I was a ticking time bomb, unsure of how many more days, hours, minutes or seconds were left before I exploded but fully aware that zero was fast approaching. On the outside, I was calm because that was all I knew how to be; to the world, Chike was always poised. I hid my internal chaos well but she was slowly ripping through the fabric of composure I had been weaving intricately for decades.
She was bad for me but like a drug, I just could not get enough of her. I spent most of our relationship here; at the intersection of anger and misery. Her tongue was venomous and words inflicted poisonous wounds that might never heal. Ours was a toxic relationship and still I stayed, making excuses for her behavior, pretending that my cowardice was actually remnants of medieval chivalry. I was pathetic and if I really was honest I’d admit that she just might be the spawn of Satan.
About that time bomb, it was about to go off in five, four, three, two, one.
“Shut up Ijeoma!”
Finally, silence. No more ticking. Just silence.
“Excuse me, what did you say?” It was a threat and usually a warning I heeded.
With a smile I repeated myself placing emphasis on every word, “Shut. Up. Ijeoma.”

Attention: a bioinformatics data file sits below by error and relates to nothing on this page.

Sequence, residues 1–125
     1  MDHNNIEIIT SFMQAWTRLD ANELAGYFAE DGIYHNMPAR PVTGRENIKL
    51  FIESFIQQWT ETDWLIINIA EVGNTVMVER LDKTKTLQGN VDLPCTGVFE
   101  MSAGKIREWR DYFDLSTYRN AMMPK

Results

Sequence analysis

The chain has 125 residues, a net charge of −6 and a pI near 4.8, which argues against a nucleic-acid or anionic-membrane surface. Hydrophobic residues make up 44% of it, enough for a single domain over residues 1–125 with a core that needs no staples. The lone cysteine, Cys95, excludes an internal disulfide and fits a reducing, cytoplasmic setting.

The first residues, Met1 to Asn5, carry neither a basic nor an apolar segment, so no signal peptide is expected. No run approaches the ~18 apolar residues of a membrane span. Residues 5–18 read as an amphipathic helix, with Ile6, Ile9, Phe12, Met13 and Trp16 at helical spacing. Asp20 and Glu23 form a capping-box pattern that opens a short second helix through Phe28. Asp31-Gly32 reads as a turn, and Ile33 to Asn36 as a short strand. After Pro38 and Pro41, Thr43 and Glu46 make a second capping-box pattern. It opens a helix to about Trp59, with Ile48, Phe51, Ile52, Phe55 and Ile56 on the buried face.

I was crazy, and looking around the dining table, my audience thought so too. Usually I would care. I was not one to make a scene. Ever. Who would have thought not caring could be so liberating?
“Chike!” Amanda, Ijeoma’s older sister chided but I gave her a look daring her to say more. She was always the smarter of the two – though that’s not saying much – and she knew better than to open her mouth again.
I took inventory of the people around the table, my assortment of friends selected for me by my fiancée, because she had long ago edged out of my life all the friends I had before her. ‘They are not good for you,’ she once said because Ijeoma- Almighty knew what was good for me, always. For five years I let her control my life, bully me, berate me and manipulate me. But her greatest achievement though was somehow making me put that ring on her finger. It was a nice ring – she has great taste. And it cost me more than half my annual salary and I will probably be paying for it long after I retire.
It is rather ironic that after all she had put me through it took something as inoffensive as her talking non-stop about the trip we were scheduled to take to Hawaii in a few days, to set me off. Of course, she had our itinerary all planned and I was to go along with it. I listened to her talk for twenty unending minutes, with her friends and sister oohing and ahhing while their significant others shot lethal glances at me. It was no secret I spent a lot of money on Ijeoma. It was evident in the car she drove, the giant rock on her finger and the fact that I was paying for a luxurious vacation to Hawaii to rejuvenate her and prepare her for the wedding planning she had to ‘endure’ for the next few months. The trip was her idea. The money was mine. The concept of needing a vacation before planning a wedding was stupid. And I was an idiot.